05th Dec, 2021
While on a recent holiday, I was staying at an upmarket hotel on the beach. While checking out, the young woman at the front desk politely enquired, “How was your stay, Perfect, I hope?” Then, before I could answer, she herself added, “Of course, nothing’s perfect.”
Hmmm. “Nothing’s perfect.”
What a wise insight. Author Alice Waters reminds us that every tree is beautiful and we can be, too, if we forget perfection and focus on living well: “In nature, nothing is perfect and everything is still perfect.”
In nature, no sandbank, no garden, no crooked brook, no fragrant flower and no lush forest is perfect. Trees can be contorted, bent in weird ways, but they’re still beautiful.
Same goes for life, because it’s governed by the same natural laws. You won’t ever find anything that is absolutely perfect.
And once you accept this, you’ll find that things are a whole lot easier to manage.
You’ll exist with far more cheerfulness, peacefulness and spiritual genius.
Nothing you work on will ever be perfect, even if it’s your magnum opus. I’m sure, in retrospect, Gandhi would have directed the freedom struggle differently, Michelangelo, in hindsight, would have changed a few strokes on the fresco of the ceiling in the Sistine Chapel and Leo Tolstoy would have written ‘War and Peace’ slightly differently, and given a second chance, we would all live our lives slightly differently.
No business will ever be perfect, even if you have the best product, the best team, the best market and your merchandise is magnificent.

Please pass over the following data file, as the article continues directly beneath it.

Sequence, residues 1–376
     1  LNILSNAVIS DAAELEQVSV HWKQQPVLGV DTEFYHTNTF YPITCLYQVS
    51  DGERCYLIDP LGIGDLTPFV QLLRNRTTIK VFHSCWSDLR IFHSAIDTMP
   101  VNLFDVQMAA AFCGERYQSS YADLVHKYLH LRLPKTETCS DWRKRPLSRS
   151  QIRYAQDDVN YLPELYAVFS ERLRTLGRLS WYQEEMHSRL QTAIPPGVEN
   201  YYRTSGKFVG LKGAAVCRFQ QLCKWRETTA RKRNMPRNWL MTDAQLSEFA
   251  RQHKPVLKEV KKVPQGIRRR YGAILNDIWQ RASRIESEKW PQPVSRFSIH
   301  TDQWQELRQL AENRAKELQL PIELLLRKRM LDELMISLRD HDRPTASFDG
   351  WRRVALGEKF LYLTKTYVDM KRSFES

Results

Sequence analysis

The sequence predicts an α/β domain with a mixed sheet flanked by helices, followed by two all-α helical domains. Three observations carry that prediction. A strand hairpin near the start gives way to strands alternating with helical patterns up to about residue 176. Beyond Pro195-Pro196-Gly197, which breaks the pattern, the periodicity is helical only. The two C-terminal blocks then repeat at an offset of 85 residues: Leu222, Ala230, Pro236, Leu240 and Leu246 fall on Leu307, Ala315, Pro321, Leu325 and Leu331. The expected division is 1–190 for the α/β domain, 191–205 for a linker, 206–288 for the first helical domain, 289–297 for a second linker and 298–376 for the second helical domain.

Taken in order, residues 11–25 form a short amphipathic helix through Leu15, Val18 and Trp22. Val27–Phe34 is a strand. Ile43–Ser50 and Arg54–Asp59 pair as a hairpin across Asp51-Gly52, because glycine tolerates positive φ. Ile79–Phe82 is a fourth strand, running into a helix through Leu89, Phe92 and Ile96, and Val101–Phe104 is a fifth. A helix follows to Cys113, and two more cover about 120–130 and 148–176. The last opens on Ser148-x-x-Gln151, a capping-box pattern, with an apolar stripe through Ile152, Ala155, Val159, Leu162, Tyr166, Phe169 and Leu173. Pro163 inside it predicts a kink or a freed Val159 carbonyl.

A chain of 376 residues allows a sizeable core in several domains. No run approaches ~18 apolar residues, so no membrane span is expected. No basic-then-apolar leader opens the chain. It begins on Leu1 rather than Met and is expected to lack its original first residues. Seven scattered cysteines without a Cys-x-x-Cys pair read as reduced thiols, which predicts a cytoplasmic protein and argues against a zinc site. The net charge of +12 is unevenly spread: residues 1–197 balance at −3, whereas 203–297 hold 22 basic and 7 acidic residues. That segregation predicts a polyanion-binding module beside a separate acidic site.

No dinner at a restaurant will ever be perfect, even if it’s the most exquisite meal you’ve ever had.
No pair of shoes, cake at a bakery, film you watch on TV or sports match between top players will ever be perfect.
And no personal relationship will ever be perfect.
But here’s the wonderful thing, the more you embrace this understanding around the imperfection of all things, the more you will automatically start to see the magic within the mess.
You’ll begin to see the chemistry—and outright alchemy—in objects and experiences and humans that are flawed. You’ll learn to trust that it’s all perfect because of its imperfection.
In Japan, people fix broken pottery pieces by putting them back together with pure gold, a four-hundred-year-old practice called ‘kintsugi.’ It is fascinating that the once-damaged piece becomes stronger at the broken places. Even more importantly, the method celebrates the truth that something with faults can be reconceived as something even more valuable.
This Sunday, Embrace the imperfections in your life and Stay blessed forever.